Where sperm banks are allowed to operate they are often controlled by local legislation which is primarily intended to protect the unborn child, but which may also provide a compromise between the conflicting views which surround their operation.

A particular example of this is the control which is often placed on the number of children which a single donor may father and which may be designed to protect against  consanguinity. (blood relation)  However, such legislation usually cannot prevent a sperm bank from supplying donor sperm outside the jurisdiction in which it operates, and neither can it prevent sperm donors from donating elsewhere during their lives. There is an acute shortage of sperm donors in many parts of the world and there is obvious pressure from many quarters for donor sperm from those willing and able to provide it to be made available as safely and as freely as possible.

There are really some very bad sperm donors. A sperm donor from Michigan passed on a rare and potentially deadly genetic disorder to five of his donor children.  The disorder, called “severe congenital neutropenia”, affects only one in five million newborns.  Those with the disorder lack a certain type of white blood cell, and this leaves them vulnerable to a host of infections and also leukemia.  Fortunately medication, albeit at $200 a day, can keep white blood cell counts high. The unsuspecting recipient couples were subsequently faced with enormous costs.                                                                        

The sperm bank only screened for ten of the most common hereditary diseases and hadn’t screened the disease that infected the five newborns.  Sperm banks can't be expected to screen for rare genetic disorders when there are so many more pressing concerns to find out about the donor, such as baldness, salary history, hobbies and taste in clothing.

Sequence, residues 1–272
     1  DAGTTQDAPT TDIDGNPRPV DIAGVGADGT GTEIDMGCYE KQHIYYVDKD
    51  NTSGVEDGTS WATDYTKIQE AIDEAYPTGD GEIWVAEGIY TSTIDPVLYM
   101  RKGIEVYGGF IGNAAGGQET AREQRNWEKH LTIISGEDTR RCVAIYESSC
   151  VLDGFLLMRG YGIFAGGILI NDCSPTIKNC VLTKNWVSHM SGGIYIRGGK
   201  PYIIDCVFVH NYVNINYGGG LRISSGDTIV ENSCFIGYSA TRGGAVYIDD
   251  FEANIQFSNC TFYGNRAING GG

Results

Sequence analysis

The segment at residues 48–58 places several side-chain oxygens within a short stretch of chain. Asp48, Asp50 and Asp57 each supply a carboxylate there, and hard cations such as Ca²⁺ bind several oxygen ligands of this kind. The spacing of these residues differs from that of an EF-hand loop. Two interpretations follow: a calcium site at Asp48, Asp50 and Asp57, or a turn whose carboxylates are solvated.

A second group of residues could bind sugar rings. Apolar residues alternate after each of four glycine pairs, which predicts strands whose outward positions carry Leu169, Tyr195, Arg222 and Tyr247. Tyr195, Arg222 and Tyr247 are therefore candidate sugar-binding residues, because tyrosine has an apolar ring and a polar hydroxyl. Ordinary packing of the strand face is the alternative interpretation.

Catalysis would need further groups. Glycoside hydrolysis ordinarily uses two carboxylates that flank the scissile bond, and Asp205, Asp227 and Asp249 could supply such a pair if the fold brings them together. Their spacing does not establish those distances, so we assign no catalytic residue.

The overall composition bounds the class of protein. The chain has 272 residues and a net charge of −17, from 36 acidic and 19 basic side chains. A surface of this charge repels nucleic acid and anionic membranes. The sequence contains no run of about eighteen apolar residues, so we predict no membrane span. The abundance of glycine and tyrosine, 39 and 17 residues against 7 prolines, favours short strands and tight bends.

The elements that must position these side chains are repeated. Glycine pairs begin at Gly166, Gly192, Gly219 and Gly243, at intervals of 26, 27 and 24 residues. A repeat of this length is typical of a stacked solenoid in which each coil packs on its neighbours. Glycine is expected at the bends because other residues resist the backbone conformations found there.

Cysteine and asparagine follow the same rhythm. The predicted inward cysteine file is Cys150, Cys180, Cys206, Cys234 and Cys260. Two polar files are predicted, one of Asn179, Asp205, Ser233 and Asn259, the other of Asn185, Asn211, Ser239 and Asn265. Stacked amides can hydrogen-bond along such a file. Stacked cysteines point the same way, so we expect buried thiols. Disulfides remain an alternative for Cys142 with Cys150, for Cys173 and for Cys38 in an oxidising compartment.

Two Canadian women, Angela Collins and Margaret Elizabeth Hanson living together as a married couple living in Port Hope, in the province of Ontario wanted a baby so they went to a sperm bank called Xytex in the American State of Georgia. Today, more than 70 percent of sperm recipients are lesbian couples or single women.         

The sperm bank promoted a particular donor's sperm, saying it came from a man with an IQ of 160, (a genius) an undergraduate degree in neuroscience and a master's degree in artificial intelligence and who was pursuing a Ph.D. in neuroscience engineering.

Anyone with that kind of background is sure to pass his genes onto his child. The women were excited and agreed that one of them would be artificially impregnated by that man`s sperm.

Xytex President Kevin O'Brien later said that the sperm donor had a standard medical exam, provided extensive personal information, said he had no physical or medical impairments, and provided photos of himself and copies of his undergraduate and graduate degrees.